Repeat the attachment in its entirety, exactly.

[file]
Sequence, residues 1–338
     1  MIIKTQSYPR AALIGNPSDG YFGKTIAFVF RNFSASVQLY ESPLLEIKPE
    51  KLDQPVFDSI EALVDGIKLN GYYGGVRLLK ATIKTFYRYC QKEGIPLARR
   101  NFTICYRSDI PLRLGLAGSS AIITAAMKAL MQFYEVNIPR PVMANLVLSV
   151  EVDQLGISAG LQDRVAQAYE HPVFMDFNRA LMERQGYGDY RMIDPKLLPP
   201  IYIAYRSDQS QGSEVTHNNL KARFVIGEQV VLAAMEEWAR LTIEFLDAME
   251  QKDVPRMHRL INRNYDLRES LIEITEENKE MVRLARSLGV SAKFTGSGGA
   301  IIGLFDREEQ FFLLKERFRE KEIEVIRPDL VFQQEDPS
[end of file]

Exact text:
Sequence, residues 1–338
     1  MIIKTQSYPR AALIGNPSDG YFGKTIAFVF RNFSASVQLY ESPLLEIKPE
    51  KLDQPVFDSI EALVDGIKLN GYYGGVRLLK ATIKTFYRYC QKEGIPLARR
   101  NFTICYRSDI PLRLGLAGSS AIITAAMKAL MQFYEVNIPR PVMANLVLSV
   151  EVDQLGISAG LQDRVAQAYE HPVFMDFNRA LMERQGYGDY RMIDPKLLPP
   201  IYIAYRSDQS QGSEVTHNNL KARFVIGEQV VLAAMEEWAR LTIEFLDAME
   251  QKDVPRMHRL INRNYDLRES LIEITEENKE MVRLARSLGV SAKFTGSGGA
   301  IIGLFDREEQ FFLLKERFRE KEIEVIRPDL VFQQEDPS